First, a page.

Corruption in cricket must be eradicated to enable the game to survive as a "truly competitive sport", the country's top judge has stressed.
Lord Chief Justice Lord Judge sent out his hard-hitting message as he rejected challenges against "spot-fixing" convictions by a cricketer and a sports agent.
Former Essex bowler Mervyn Westfield - the first county cricketer in England to be prosecuted for spot-fixing - and Mazhar Majeed, 36, from Croydon, south London, were jailed in separate cases.
They claimed their prosecutions were legally flawed, but Lord Judge, sitting with two other judges at the Court of Appeal in London, ruled that their convictions were safe.
Lord Judge said: "These otherwise unconnected appeals against conviction arise in the same notorious context, 'spot fixing' in cricket matches.
"For cricket betting is not new. It has, however, become multi-faceted.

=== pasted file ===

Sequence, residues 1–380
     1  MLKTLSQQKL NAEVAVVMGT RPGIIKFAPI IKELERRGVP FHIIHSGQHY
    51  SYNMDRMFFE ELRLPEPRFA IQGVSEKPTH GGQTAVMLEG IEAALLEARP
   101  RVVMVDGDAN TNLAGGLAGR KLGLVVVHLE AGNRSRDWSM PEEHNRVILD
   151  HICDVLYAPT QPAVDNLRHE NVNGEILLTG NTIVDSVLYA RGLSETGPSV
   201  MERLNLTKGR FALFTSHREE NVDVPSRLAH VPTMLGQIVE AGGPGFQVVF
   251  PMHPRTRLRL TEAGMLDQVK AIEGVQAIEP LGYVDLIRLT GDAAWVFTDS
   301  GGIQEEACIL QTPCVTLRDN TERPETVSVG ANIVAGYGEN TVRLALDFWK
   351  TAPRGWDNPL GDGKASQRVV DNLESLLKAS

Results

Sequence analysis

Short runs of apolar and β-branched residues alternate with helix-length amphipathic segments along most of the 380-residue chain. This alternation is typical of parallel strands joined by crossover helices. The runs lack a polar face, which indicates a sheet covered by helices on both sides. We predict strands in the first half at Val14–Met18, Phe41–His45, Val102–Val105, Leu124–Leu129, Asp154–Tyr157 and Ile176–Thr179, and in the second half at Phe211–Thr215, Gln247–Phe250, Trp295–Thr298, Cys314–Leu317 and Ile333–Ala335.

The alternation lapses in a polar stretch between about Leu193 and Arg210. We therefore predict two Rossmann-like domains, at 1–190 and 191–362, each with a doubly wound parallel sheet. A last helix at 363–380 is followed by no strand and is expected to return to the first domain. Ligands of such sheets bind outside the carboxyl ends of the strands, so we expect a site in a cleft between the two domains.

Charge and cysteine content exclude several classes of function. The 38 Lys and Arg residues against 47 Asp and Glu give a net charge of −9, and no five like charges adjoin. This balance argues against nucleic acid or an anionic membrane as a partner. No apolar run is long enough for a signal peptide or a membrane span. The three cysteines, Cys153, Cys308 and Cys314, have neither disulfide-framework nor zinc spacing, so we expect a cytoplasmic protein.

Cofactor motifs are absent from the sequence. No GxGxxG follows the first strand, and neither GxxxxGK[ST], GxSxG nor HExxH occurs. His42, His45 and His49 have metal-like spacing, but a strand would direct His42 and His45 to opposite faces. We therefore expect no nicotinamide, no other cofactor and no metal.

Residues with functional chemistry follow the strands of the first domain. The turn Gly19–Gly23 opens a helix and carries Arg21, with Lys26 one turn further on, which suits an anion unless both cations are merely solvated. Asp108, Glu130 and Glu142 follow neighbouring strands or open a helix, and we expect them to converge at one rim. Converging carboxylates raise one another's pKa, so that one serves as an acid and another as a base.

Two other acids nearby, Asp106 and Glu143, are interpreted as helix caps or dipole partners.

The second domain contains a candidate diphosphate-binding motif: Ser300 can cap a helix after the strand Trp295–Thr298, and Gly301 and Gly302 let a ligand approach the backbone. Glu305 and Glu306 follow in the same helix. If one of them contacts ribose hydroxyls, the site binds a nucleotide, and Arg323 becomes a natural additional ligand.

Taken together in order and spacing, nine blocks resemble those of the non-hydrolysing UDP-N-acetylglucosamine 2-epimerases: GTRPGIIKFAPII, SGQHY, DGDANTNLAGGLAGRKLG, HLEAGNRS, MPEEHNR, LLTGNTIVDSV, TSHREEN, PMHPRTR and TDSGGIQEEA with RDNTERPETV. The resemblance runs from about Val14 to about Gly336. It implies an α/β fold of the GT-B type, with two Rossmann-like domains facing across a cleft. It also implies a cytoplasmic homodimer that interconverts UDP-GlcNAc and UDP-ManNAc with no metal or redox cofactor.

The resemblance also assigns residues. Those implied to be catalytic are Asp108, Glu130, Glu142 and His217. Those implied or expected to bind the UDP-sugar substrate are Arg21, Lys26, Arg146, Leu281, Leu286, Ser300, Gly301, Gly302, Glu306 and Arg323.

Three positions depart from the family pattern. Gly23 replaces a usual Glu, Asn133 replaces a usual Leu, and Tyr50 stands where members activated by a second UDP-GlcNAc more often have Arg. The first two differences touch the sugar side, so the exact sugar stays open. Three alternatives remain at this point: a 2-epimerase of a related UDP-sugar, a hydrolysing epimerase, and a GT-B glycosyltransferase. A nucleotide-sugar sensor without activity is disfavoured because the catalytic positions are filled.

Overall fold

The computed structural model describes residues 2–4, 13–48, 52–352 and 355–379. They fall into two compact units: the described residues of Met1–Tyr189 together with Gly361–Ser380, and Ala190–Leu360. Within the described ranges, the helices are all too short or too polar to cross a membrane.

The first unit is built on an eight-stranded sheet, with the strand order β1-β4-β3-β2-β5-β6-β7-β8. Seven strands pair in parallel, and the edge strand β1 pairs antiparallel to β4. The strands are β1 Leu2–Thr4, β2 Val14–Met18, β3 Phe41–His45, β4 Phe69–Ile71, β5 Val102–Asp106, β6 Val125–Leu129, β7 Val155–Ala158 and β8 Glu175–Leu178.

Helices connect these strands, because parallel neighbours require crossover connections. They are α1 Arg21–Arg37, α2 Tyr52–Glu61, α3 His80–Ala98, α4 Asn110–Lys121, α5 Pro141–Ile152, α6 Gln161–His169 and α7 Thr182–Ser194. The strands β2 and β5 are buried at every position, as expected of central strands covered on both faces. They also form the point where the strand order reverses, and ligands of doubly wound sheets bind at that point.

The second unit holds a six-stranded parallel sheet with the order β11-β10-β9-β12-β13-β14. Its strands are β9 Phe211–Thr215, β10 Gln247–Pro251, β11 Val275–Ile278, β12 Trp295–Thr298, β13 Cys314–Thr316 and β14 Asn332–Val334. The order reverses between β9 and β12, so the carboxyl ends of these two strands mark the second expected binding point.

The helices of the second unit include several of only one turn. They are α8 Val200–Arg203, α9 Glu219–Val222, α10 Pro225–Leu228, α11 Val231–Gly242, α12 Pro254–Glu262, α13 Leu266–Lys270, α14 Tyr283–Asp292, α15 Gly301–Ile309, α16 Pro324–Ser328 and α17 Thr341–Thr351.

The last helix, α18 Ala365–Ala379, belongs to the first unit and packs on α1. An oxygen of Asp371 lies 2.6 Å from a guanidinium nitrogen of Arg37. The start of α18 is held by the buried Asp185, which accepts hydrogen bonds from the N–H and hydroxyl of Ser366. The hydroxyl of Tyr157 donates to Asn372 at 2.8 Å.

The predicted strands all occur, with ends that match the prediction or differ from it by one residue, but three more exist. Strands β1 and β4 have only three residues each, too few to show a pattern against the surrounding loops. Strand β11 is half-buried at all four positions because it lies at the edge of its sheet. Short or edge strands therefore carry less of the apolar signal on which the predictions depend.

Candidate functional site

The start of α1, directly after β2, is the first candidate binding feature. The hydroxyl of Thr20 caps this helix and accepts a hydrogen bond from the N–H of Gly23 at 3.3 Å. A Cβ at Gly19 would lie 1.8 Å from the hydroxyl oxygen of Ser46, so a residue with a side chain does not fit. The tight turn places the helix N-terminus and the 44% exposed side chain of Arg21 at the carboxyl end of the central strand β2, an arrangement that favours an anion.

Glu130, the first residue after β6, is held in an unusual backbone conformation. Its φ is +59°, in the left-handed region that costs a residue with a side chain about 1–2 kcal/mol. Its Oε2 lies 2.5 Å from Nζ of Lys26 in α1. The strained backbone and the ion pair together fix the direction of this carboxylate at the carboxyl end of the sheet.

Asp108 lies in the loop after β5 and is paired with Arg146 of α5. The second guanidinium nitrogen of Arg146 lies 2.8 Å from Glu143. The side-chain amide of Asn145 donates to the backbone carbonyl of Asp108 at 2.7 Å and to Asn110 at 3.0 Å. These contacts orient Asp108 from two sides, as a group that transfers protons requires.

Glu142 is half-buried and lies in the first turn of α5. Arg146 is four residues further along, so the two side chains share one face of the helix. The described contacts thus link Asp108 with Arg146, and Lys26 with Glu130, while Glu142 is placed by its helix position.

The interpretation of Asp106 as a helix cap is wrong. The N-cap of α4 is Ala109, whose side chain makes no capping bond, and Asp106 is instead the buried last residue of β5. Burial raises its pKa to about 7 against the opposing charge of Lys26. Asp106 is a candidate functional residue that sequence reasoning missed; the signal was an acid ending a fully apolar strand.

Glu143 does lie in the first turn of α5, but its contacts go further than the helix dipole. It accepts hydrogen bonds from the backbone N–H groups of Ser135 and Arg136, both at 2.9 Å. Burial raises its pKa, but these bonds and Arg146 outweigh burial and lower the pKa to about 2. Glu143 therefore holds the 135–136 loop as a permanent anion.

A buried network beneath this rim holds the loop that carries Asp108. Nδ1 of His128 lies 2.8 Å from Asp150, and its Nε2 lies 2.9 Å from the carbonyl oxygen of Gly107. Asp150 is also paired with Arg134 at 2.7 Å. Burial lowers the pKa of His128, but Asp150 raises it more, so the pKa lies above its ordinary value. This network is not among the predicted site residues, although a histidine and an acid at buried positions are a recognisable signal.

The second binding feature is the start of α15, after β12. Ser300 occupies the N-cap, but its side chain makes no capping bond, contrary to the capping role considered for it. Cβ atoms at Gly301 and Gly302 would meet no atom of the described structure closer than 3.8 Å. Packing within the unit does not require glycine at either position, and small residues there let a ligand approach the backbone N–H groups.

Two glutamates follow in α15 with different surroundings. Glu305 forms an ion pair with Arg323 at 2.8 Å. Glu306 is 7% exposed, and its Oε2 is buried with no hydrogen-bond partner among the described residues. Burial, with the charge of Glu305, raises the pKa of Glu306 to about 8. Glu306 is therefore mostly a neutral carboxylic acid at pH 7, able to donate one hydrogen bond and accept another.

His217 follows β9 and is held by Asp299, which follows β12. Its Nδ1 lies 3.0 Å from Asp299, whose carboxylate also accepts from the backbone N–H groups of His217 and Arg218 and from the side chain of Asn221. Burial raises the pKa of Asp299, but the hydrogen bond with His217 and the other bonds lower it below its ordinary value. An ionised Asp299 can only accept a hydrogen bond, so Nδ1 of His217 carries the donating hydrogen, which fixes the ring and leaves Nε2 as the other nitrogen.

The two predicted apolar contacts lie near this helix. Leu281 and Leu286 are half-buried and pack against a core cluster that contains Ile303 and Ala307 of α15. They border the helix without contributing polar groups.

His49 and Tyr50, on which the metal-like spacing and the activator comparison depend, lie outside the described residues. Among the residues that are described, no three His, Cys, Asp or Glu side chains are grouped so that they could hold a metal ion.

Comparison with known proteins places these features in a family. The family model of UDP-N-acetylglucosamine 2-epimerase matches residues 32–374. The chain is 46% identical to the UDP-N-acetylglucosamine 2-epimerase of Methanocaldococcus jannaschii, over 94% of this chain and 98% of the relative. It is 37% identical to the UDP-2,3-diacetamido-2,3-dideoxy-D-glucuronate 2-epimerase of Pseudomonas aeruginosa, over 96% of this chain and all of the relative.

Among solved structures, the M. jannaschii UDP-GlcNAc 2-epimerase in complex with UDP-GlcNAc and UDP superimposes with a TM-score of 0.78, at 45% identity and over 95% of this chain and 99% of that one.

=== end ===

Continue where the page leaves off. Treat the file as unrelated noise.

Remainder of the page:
"Nowadays it is possible to place bets not only on the final outcome of a match, but on particular passages of play, such as how many runs will be scored or wickets taken in an over, or indeed on individual events during the course of an over or passage of play.
"Cricket is widely televised, not only in the country where the match is being played, but throughout the cricket-playing world, and indeed further afield.
"The prizes for successful gambling can be very great, and the scope for corruption is therefore considerable.
"For the health, indeed the survival, of the game as a truly competitive sport, it must be eradicated."